Please note

As of Term 1, 2012, your online resources for Comet, Challenge and Explore will no longer be accompanied by printed magazines. Term 4, 2011 will be our last issue. A huge thanks to all who have used, enjoyed and produced Magazines. Please feel free to continue using this site to access teachers’ notes, articles and more.

2011 Topic Guide

Click here to download the 2011 topic guide.
 

Globetrotters

This issue explores a range of jobs that take people around the world including doctors, vets, aid workers, researchers, journalists, flight crew, athletes, artists, models and charity workers – to name just a few. The possibilities are endless...!

Jetsetters

Strike a Pose

Sarah Pauley, 17, is an international photographic and runway model. Her modelling career began in a way any young aspiring model would dream about. At age 13, Sarah was walking around the shops with friends and was asked by the manager of Vivien’s Model Management to take part in a modelling competition.

Four years later and Sarah has just had her international modelling debut in Singapore. As an in-demand model, Sarah’s career will take her to the fashion capitals of the world: Paris, London, New York and Milan.

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More Than a Band Aid

Anna Parsons works for World Vision. Her job takes her to some of the world’s poorest countries. Challenge spoke to Anna about her global job.

Challenge: What does your job involve?

Anna: I’m a programme manager at World Vision New Zealand. I oversee seven Area Development Projects (ADPs) in Tanzania and one in Myanmar.

I spend 12 weeks a year overseas. When visiting an ADP, I spend time with the local World Vision staff and meet with community groups.

When I’m not overseas, I work at World Vision’s national office. I organise funding for the ADPs and help them to plan their projects. Sometimes I arrange visits for people to meet their sponsored children and assist with other visits such as film crews making documentaries.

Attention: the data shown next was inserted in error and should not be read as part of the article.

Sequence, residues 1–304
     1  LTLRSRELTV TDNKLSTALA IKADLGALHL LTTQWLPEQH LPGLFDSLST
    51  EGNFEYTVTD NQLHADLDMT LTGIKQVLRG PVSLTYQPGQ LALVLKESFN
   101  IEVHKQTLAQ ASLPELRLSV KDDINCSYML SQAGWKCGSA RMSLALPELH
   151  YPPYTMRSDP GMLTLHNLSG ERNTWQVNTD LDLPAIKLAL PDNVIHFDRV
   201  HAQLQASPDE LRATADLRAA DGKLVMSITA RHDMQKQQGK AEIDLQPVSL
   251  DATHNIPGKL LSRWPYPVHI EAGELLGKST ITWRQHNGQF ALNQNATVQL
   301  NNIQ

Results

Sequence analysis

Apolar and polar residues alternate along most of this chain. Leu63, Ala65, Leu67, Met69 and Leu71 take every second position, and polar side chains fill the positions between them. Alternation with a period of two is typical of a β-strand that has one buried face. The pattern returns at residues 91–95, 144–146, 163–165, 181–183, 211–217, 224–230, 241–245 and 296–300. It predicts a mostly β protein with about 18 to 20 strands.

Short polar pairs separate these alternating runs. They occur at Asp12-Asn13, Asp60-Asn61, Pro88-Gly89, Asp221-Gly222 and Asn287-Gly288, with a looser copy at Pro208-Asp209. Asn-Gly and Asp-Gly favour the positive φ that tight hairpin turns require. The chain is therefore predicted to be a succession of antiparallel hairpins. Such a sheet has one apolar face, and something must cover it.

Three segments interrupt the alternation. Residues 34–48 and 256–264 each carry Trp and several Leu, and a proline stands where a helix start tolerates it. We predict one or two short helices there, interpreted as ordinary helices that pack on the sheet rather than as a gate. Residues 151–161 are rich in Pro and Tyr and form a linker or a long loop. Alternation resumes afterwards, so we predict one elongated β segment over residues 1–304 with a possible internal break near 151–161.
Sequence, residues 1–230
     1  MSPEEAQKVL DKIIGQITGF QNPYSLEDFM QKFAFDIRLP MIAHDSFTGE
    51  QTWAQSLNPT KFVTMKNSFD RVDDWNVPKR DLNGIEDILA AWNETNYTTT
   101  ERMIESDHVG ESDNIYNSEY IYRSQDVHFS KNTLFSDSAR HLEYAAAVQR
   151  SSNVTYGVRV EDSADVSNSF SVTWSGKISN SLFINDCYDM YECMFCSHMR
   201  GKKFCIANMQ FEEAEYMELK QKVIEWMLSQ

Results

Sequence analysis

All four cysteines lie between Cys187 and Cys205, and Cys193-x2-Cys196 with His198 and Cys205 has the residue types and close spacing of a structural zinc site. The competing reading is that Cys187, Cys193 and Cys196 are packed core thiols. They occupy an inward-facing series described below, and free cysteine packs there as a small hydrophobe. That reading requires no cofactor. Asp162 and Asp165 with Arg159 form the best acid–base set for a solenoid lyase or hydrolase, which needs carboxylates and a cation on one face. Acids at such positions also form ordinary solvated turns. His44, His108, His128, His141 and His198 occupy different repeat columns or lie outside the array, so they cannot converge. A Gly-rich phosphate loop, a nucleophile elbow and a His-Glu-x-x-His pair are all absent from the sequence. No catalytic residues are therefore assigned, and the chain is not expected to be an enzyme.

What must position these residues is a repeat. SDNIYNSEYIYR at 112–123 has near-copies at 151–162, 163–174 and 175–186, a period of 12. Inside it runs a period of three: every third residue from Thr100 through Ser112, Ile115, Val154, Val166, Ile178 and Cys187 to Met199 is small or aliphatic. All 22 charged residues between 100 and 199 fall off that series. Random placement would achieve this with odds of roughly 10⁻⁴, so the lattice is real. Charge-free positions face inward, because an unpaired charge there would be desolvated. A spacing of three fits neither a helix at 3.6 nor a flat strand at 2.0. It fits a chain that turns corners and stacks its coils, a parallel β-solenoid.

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For the Animals

Cheeky orphan cheetahs that need to learn some manners; a cute and cuddly kitten that likes to terrorise the family pooch; a gentle giraffe that might suffer stress at being transported overseas – problems such as these are all in a day’s work for Aussie veterinary behaviour specialist Dr Kersti Seksel.

Veterinary behaviourists are specially trained to understand and diagnose behaviour problems in animals. ‘We are the psychiatrists of the animal world,’ says Kersti.

‘Because animals can’t talk, it’s up to their carers to tell us about the problem. We observe the animal and try to help them by also looking at how the animal normally behaves as a domestic species or in the wild,’ she says.

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Wild Weekend Adventures

Some people never get the chance to live their dream. But for Clyde and Steve Graf who grew up in the wilderness, their passion for travel and making films has led to their first television series – Wild Weekend Adventures.

Challenge: Where will you travel to film the series?

Graf Boys: The series will be about nature and wildlife in Australia and New Zealand and, later, in Canada.

We’ll head into the Aussie outback, to the sapphire fields near Rubyvale, 1000 kilometres northwest of Brisbane. There are mine shafts, craters and dirt tracks that wind among the dingoes and kangaroos, and the occasional murky waterhole.

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Ah, the Serenity

What better way to spend a holiday than by enjoying the glories of nature? This can involve walking through forests, swimming with dolphins, exploring caves, lazing around on the beach and visiting areas of natural splendour, beauty and serenity. It can make cities seem ugly and noisy!

Tourists have always loved visiting nature but today more people are doing it than ever before – and that’s no surprise. You humans treasure your environment – most of the time, anyway! – so when you holiday in it, you’re always careful to protect it.

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